Loom | Music | Salt Lake City | Salt Lake City Weekly
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Progressive Rock: SLC’s Loom unveils Selva Molhada.



Last year, Salt Lake City’s Loom hit up Portland natives Prize Country to record a dual 10-inch release. The resulting Clutches scored both bands significant radio play and critical acclaim. Loom also selected Stumptown to develop their debut EP Anglers, working with Interlace Audio house engineer/producer Kris Krummett for two stretches, returning home after one session when singer Josh Devenport came down with a nasty flu that no amount of whiskey and lemon, Throat Coat tea and myriad over-the-counter remedies could quell. And, while the slight delay in the recording process put a damper on things, it’s safe to say Loom wasn’t too bummed about coming back to Utah. Portland might have some great bands and engineers, but it’s the Beehive State that truly rocks.

“Salt Lake City has one of the best music scenes in the country,” says guitarist Mike Cundick, adding that residents need to step up to the plate to sustain the thriving community. “If you want music and art to continue to thrive and be a part of your life, you need to support it. Just pay the damned five bucks at the door. It won’t kill you.” Loom’s founding members Cundick, bassist John Finnegan and drummer Jarom Bischoff started experimenting with their sound in summer 2006, penning tracks for their first EP. During this period they sought out other musicians to contribute and break free from the standard idiom of a rock-trio, eventually finding violinist Kim Pack whose acute sounds set their tone apart from most of the Utah rock. Over time, the band went through several singers who, in one way or another, just didn’t fit the bill. Finally, though, they found themselves a perfect fit with Devenport, who proved not only to be the perfect frontman for the band, but also a helpful hand in creating a standout live experience.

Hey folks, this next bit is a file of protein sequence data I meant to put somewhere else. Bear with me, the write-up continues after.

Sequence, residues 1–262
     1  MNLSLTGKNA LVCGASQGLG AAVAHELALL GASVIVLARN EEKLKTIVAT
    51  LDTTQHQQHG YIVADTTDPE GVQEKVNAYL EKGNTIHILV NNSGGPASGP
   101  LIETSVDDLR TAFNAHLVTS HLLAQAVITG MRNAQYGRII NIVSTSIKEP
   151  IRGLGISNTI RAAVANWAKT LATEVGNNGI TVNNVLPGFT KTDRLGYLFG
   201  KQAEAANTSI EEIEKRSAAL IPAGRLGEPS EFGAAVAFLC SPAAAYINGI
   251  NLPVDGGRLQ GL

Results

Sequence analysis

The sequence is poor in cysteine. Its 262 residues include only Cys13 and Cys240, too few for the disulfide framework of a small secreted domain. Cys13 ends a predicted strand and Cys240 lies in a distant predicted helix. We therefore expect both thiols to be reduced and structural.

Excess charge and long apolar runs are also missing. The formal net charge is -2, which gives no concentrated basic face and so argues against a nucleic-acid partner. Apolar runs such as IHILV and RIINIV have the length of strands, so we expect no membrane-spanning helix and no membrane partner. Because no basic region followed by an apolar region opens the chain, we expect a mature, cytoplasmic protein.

In 2007, Loom joined local label Exigent Records to release Angler, an impressive five songs that sounded like little else coming out of the SLC. Over the year, the group continued to evolve both musically and visually, transforming from a local hardcore fixture into a finely tuned quintet accompanied by extravagant light shows timed to every snap on the snare—a spectacular showcase they introduced on sporadic cross-country tours.

The new album Selva Molhada encompasses both the old and the new into a concrete full length that takes lessons learned from their prior works and interlinks them with fresh cuts. Frantic-paced tempos and cutting strings show off Cundick’s true skills at the axe, while the near heartattack rhythms on songs like “Pockets” and “Weaving” give you only a sample of blistering sounds Bischoff and Finnegan can produce on a live set. The hallowing vocals on “Eons” cry out to the listener, almost commanding and encouraging you to join in uproar. And Pack’s violin? Her intricate harmonies bring a different level of passion and warmth to the already impressive set. By the time the last of 10 songs fades, you realize Selva Molhada isn’t just a good record—it’s a musical must-have.

Loom recently hit the road for an ambitious tour of the states in The Crucial Greaser, an attention-grabbing bus that runs on used vegetable oil. Loom will briefly return to Salt Lake City to for a proper hometown CD release show along with I Am the Ocean and Breaux. Tickets are $7 and include a copy of Selva Molhada. The group will stick around for a few days before leaving town for a twomonth tour with I Am the Ocean—showing other cities how it’s done in the 801.

Loom House
227 W. Paxton Ave (1170 South)
Saturday May 2, 7 p.m.